FinTech is radically changing consumer behaviour. Why has Sweden wholeheartedly embraced digital payments while the rest of the world is only just discovering them?

For several years now, there has been a noticeable shift away from the use of cash in Sweden. Instead, FinTech payment solutions are so widespread that the whole country is well on its way to becoming the world’s first cashless society. Many shops, restaurants, cafes, and bars are cashfree – it’s not uncommon to see “card only” signs next to most cash registers. Even the majority of bank branches, where you’d naturally expect to see paper notes and coins, are refusing to take cash deposits.

“Cash is still an important payment method in many countries, but that’s no longer the case in Sweden,” says Niklas Arvidsson, an associate professor at Stockholm’s Royal Institute of Technology (KTH) specialising in payment systems innovation. “Our use of cash is small and shrinking fast.”


Cash use has declined so much that the Riksbank, Sweden’s central bank, has even considered introducing its own digital currency, the “e-krona”, as a complement to cash. According to the Riksbank, less than 2 percent of all transactions made in Sweden last year were made in cash. This figure looks set to drop even further to just 0.5 percent by 2020. Compare this to the global average of 75 percent and it creates a stark image of how little Swedes really use cash.


As the second largest FinTech centre in the world, it’s only natural that Sweden is one of the first countries to truly embrace the cash-free movement. The ubiquity of several homegrown FinTech solutions, like Klarna, which provides payment services for online storefronts; Trustly, which enables you to shop and pay from your bank account; and iZettle, which allows sole traders and small businesses to accept card payments via a mini-card reader and app, it’s unsurprising Swedes have been so willing to abandon cash.

Arguably the country’s favourite digital payment solution is Swish, an immensely popular mobile app developed in cooperation with the country’s largest banks. The app uses mobile numbers to allow anyone with a smartphone and a Swedish bank account to instantly transfer funds from one account to another. Just recently Swish reached a mammoth 5 million users, meaning it is effectively used by half of Sweden’s population.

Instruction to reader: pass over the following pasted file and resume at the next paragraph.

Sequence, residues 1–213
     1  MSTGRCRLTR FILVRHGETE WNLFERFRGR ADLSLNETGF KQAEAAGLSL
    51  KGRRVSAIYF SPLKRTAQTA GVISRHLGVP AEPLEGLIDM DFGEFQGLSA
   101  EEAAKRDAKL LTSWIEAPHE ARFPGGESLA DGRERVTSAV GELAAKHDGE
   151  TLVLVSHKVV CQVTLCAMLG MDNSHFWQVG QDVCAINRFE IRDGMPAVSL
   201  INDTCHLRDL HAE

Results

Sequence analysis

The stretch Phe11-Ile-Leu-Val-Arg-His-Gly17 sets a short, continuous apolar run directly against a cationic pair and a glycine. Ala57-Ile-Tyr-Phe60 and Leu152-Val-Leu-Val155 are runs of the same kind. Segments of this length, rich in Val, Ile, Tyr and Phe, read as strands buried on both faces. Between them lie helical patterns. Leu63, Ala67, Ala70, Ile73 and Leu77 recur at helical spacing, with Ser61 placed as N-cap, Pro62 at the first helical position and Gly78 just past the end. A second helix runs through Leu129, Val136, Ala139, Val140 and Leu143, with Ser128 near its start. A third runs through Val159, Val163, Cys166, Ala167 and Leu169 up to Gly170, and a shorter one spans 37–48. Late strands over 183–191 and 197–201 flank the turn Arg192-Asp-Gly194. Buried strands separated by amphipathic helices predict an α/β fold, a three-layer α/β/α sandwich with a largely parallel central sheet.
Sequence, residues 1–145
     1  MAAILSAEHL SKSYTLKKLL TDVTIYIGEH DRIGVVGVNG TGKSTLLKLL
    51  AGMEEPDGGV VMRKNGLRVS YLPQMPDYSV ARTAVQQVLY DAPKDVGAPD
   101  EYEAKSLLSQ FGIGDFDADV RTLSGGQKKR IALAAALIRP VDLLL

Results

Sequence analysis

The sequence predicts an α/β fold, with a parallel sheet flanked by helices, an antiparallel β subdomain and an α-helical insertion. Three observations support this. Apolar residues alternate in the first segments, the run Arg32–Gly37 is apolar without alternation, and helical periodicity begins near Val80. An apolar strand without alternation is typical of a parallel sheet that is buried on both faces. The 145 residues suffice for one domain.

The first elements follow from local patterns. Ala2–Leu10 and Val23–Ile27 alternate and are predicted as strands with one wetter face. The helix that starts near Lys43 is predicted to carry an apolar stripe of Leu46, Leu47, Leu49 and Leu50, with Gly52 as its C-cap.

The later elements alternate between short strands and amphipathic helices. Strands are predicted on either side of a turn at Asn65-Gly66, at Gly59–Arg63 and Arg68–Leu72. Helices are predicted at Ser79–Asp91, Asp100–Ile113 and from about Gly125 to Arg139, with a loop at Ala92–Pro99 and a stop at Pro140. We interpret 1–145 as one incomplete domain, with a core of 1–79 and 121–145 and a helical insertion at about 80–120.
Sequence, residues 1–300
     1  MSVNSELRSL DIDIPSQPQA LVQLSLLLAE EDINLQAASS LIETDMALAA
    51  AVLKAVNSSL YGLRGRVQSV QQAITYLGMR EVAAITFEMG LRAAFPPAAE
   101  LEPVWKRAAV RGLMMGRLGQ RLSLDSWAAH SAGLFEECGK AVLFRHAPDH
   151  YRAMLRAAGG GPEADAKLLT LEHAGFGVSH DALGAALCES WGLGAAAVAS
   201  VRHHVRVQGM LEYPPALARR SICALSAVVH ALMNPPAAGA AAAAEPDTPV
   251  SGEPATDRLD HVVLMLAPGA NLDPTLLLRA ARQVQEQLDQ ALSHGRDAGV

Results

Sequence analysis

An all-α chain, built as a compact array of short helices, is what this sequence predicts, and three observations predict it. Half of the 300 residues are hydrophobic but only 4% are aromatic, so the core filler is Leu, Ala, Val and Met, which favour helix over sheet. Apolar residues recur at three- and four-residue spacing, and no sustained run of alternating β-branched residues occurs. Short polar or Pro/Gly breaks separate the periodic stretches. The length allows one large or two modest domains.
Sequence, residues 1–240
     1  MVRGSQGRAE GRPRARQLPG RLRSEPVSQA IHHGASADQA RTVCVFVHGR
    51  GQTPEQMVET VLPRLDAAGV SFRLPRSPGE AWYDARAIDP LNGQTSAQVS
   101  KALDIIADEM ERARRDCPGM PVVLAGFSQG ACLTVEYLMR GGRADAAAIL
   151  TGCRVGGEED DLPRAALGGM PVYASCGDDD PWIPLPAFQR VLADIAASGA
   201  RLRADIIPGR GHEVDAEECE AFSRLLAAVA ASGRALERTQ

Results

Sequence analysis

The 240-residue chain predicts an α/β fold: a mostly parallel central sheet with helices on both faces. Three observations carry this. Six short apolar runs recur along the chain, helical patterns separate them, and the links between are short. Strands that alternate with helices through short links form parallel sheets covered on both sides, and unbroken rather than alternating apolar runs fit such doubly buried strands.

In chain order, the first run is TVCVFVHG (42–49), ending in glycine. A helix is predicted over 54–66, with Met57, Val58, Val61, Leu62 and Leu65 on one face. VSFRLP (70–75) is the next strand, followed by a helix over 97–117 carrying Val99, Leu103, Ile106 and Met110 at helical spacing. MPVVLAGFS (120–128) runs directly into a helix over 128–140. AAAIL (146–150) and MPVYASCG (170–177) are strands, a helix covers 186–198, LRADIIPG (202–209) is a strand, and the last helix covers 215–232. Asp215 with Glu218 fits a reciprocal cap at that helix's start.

The widespread use of Swish has the potential to completely replace bills and coins, and thereby accelerate the process of making Sweden one of the first cashless societies in the world. Niklas Arvidsson, an associate professor at Stockholm’s Royal Institute of Technology (KTH)

“Swish is like cash in that it’s a direct payment that can be carried out in real time", Arvidsson thinks. “The system’s biggest strength is the speed and simplicity of this unique solution.”


Despite Sweden's growing preference for cashless transactions, Arvidsson doesn’t expect Sweden to go completely cashless until at least 2030. But judging from the pace of investment and innovation in the country’s FinTech scene, Sweden’s cashless future may be closer than we think. In the past five years, Stockholm-based companies received 18 percent of all private placements in FinTech companies across Europe. And Sweden’s share of European FinTech deals climbed from 8 percent in 2016 to 12 percent in 2017, part of what Stockholm FinTech Hub founder Matt Argent calls a “seismic shift” in activity within FinTech in Sweden since the hub launched in February 2017.

“The country’s tech unicorns are putting the country on the map as a viable destination for investment and this is influencing the FinTech sector,” he adds. “Swedish FinTech has attracted EUR 776 million in total funding, which translates to 279.38 percent average revenue growth, across 226 organizations employing 3038 employees – not bad going for a country of only 10 million inhabitants.”

Source: This article was originally published in the Advantage Sweden Magazine.

Advantage Sweden magazine (PDF)


One of Sweden's fastest growing companies, iZettle has developed a chip-card reader and app for smartphone-based mobile commerce that meets international security requirements. The company offers a range of financial products for small businesses including payments, point of sale, funding, and partner applications.


Founded in Stockholm in 2013, Safello operates a bitcoin exchange and related services in the European market and aims to become the “Crushbase of Europe”. The company recently closed a partnership that allows customers to purchase bitcoin with Mastercard and Visa credit cards in several currencies around Europe.


This online payment service was developed by three students back in 2005 and now has 60 million users generating 650,000 financial transactions a day. The company has an estimated value of more than EUR 2 billion.


Tink is a personal finance app that helps users better track and analyse how they spend their money. Founded in Stockholm in 2012, Tink also offers bill payment and money transfer services. With more than 350,000 users in Sweden, Tink is expanding across Europe with help from investments from Swedish banks SEB and Nordea, as well as ABN Amro.


Qapital is a free personal finance app that relies on “gamification” and personalized IFTT (‘if this then that’) rules connected to other apps that help users meet short-term savings goals. Founded in Stockholm in 2013, the company expanded to the United States in 2014 and soon after decided to focus exclusively on the US market.


FundedByMe is a Swedish crowdfunding platform that connects investors and entrepreneurs, allowing people to invest as little or as much as they want. Founded in 2011, FundedByMe now has more than 100,000 registered investors and has helped 470 companies from 25 countries raise money. The fast-growing company has plans for an IPO during 2018.